Kenneth Scott, abortion protester extraordinaire, recently added more firepower to his legal defense: He is now being represented by the Thomas More Society, a national pro-life law firm. In June, Scott and his wife, Jo, were served with a civil complaint by the U.S. Justice Department, alleging that the Scotts had violated the law by blocking access to Planned Parenthood of the Rocky Mountains in Denver.
Jo Scott, who was featured in our 2008 cover story "Planned Parenthood's Scheme to Bust Abortion Protestors," has since settled the case against her, agreeing to a permanent enjoinder against using force or the threat of it to hassle clinic clients -- not to mention $750 payments to two of the people she hassled.
But Kenneth Scott's case continues on. On January 26, his new lawyers (and his old one) will be in court in Denver, fighting a preliminary injunction that seeks to order him to stay 25 feet away from the clinic's entrance until the case is resolved, which could take months.
"The importance of a preliminary injunction proceeding is that it is often a bellweather for how a case will be ultimately decided," says Peter Breen, the executive director and legal counsel for the Chicago-based Thomas More Society. "If (the government attorneys) can't show that they're reasonably likely to win at a preliminary injunction hearing, they're going to have a heck of a time finishing the case."
Kenneth Scott is accused of walking or standing in Planned Parenthood's driveway on numerous occasions to prevent clients from coming or going without confronting him. He's also said to have shouted at clinic staffers and clients, telling them they were going to hell and calling them names such as "murderer" and "baby killer."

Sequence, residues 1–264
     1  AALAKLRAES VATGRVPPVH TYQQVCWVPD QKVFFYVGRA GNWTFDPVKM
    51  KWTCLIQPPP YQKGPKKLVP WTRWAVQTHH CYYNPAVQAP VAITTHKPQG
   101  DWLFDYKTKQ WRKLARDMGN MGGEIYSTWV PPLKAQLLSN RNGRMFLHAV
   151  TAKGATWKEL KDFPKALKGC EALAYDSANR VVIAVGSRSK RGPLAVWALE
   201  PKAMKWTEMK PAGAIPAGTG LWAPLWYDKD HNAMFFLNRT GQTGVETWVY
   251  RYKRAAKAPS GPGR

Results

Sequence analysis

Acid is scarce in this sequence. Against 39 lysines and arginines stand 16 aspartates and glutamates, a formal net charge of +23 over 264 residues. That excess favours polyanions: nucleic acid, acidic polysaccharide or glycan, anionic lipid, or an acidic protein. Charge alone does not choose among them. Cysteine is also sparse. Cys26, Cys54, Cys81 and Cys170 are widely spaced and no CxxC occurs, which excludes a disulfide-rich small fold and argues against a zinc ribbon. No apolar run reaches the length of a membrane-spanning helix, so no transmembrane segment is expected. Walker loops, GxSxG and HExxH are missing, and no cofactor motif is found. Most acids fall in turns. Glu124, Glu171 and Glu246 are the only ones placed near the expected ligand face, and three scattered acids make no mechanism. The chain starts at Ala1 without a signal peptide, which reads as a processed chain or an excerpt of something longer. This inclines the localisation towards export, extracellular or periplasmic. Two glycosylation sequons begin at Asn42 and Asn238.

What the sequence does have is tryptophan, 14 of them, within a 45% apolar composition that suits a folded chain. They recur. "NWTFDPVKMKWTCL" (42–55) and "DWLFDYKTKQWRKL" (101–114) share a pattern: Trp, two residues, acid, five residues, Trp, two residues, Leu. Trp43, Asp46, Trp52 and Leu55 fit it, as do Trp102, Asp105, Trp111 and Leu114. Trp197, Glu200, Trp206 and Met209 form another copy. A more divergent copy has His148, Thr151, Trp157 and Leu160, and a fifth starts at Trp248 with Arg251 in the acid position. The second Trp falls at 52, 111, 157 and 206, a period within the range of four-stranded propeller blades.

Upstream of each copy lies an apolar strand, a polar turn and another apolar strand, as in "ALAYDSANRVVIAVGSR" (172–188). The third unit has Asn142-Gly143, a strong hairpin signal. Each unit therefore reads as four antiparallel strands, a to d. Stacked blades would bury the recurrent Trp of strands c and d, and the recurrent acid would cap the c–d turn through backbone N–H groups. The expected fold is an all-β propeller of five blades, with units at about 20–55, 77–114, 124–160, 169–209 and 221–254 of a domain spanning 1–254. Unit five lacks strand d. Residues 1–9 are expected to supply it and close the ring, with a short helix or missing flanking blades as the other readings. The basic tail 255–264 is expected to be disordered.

The Justice Department alleges that Scott violated the Freedom of Access to Clinic Entrances Act (or the FACE Act, for short), which was passed in 1994.
But Breen calls Scott's actions free speech. "We're contending the evidence will show Ken Scott did nothing wrong," Breen says. "Ken Scott remained at all times in the public right-of-way. He was fully in his rights; he merely sought to talk to folks. He didn't throw himself in front of cars ... All he did was wave folks over to try to talk to them."
Breen categorizes Scott's waving-and-talking as "counseling" and "assistance." "Most folks would agree that individuals seeking abortions ought to be offered assistance so they're not pressured or coerced into an abortion choice," he says.
To his knowledge, Breen adds, the Scott case is "the furthest that the attorney general has pushed the FACE Act." He thinks Scott may have been targeted because he "has a long history as an activist and he and the local Planned Parenthood have a bit of a history of going back and forth." He also thinks political forces are at play -- especially with the 2012 presidential election looming.
"This administration is an abortion-promoting administration," Breen says. "Supporters of abortion are the ones who got the president elected." And, presumably, the ones who will vote for him again, Breen says.
Read the complaint against Kenneth and Jo Scott below.
More from our Follow That Story archives: "Jo Scott, abortion protestor, found guilty of violating clinic bubble law -- again."
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